Mashable Gamifies Tech News

Mashable Gamifies Tech News


Earlier this year, Mashable rolled out gamification elements for their tailored news experience, Mashable Follow.  Last week, Mashable wrote about the new features, and asked “what makes gamification successful?” The answers they provide give a cursory case study of how gamification can motivate engagement in an already active community.

Mashable badges are playing a bit of catch-up as gamification of the news has been seen before. Most recently, Google News rolled out Google News Badges and the Huffington Post beat the curve with their badge integration in April 2010. But HuffPo badges quickly became the poster child for badge fatigue, and Google News Badges seem to have fallen by the wayside.

Mashable Badges

Mashable tries to overcome the shortfalls of earlier examples by making the badges fun. They rely on Internet memes like “Dramatic Chipmunk” and “Double Rainbow” to reach their tech-savvy audience. These creative badges are an improvement over the “Moderator” and “Super User” badges from HuffPo, and Mashable quotes one of their users in saying the badges “really make people smile to see something funny, referential, nerdy, etc. — things that we can relate to and feel even more at home at Mashable.”

Community lies at the heart of the gamification elements, and Mashable hopes to build from the early success by turning to the community to help design new features with ongoing contests. Though badges are one of the most common elements in gamification campaigns, Mashable has shown how badges can be fun with a customized and creative approach.

Check out the full story at Mashable.


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  1. Personally, I don’t think it will work. Badges are a way for users to show off their accomplishments. Not everybody is motivated by public recognition, so badges only appeal to a small percentage of users. Furthermore, the badges have to indicate an actual accomplishment that the user wants to show off. Frankly, I don’t think many people will want to brag about following 125 users–that doesn’t mean that they’re good at anything other clicking on a button to follow someone.

    It would be better if the badges were something to actually brag about. For example, someone might want to show off that 125 users are following them (that’s an actual accomplishment!), but even then, showing off badge only appeal to a subset of users.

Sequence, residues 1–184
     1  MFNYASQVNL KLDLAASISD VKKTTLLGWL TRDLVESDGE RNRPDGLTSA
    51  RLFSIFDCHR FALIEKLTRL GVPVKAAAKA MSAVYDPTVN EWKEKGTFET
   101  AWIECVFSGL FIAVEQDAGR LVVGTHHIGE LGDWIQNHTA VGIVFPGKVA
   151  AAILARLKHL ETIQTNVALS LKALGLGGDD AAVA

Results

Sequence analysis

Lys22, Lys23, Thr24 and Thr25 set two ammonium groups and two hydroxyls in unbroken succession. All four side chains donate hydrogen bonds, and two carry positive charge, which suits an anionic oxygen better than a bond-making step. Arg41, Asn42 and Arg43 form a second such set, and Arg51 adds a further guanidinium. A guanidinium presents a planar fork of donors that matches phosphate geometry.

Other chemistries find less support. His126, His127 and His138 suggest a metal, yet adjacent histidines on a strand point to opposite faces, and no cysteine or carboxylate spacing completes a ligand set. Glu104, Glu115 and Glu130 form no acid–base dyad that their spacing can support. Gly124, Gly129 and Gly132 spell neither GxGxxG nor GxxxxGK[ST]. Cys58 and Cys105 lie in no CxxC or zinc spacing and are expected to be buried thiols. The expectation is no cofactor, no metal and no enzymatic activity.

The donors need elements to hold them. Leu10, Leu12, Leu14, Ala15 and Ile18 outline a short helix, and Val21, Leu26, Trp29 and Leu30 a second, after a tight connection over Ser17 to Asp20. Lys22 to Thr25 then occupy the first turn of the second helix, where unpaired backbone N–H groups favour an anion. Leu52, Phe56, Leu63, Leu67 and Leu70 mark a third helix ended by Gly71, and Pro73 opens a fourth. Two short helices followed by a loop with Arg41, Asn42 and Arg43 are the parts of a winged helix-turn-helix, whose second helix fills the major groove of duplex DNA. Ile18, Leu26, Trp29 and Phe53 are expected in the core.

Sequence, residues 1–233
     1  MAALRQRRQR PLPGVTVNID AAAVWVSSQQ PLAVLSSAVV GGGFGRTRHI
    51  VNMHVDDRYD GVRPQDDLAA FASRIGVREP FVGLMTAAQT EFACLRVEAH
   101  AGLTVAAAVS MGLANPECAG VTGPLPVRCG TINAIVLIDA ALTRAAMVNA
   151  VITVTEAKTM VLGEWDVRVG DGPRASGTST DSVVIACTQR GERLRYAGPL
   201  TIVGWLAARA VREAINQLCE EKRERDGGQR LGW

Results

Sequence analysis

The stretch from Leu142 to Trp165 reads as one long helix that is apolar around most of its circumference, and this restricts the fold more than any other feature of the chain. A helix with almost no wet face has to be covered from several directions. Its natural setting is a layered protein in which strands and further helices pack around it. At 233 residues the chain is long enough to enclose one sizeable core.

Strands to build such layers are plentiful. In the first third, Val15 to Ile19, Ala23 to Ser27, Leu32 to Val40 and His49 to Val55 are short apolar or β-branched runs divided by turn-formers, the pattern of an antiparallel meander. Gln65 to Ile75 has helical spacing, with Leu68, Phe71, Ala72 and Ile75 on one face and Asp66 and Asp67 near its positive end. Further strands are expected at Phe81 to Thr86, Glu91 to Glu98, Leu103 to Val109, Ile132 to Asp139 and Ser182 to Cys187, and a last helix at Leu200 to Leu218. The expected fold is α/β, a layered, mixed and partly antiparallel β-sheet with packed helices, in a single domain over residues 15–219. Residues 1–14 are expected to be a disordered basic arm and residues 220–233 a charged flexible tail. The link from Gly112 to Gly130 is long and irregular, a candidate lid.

It’s nice to see that they considered their target audience in choosing names for the badges, but all they did was slapped on some badges and hoped it works. They need to put more thought and research into what actually motivates their users to use the site, and then build a unique gamification system based on their findings.

  2. So glad to see Mashable motivates reading and sharing of news in such a casual manner. However, I am not too sure if merely giving badges has transform the whole thing into a gamified experience. I will like to see gamification from a perspective that users don’t realize that they are doing what we WANT them to do. The initiative or even the performance itself has to be almost (or at least largely) subconscious.

    When I play a FPS game on iPhone that requires me to run around and move my body to take aim, I am actually exercising. And when I go to my profile, I see how much I have ran, calories burned etc on top of my frag, shot accuracy and rank etc. But I don’t actually realize that because I thought I am playing a game. To me, that is gamification. I know lots of guru out there are saying “oh, progress bar, gamification” , ” badge for loyalty, gamification”. Yes , very subtly , but is that all we can produce?

    I am not a pro/consultant/guru, but I feel that gamification can be brought to a higher level instead of just accepting it as “points and badges for baseline”

    Just my 2 cents 🙂

  3. I agree with you that digital games are much more complex than the just the handfull of features gamification has latched onto (you might like this prototype of a first person shooter + treadmill ).

    Badges themselves are limited, and as one of the most common elements in gamification projects, are often taken from cookie-cutter graphics and have limited connection to the core of the site. I think Mashable did a good job for getting over that (admittedly small) hump.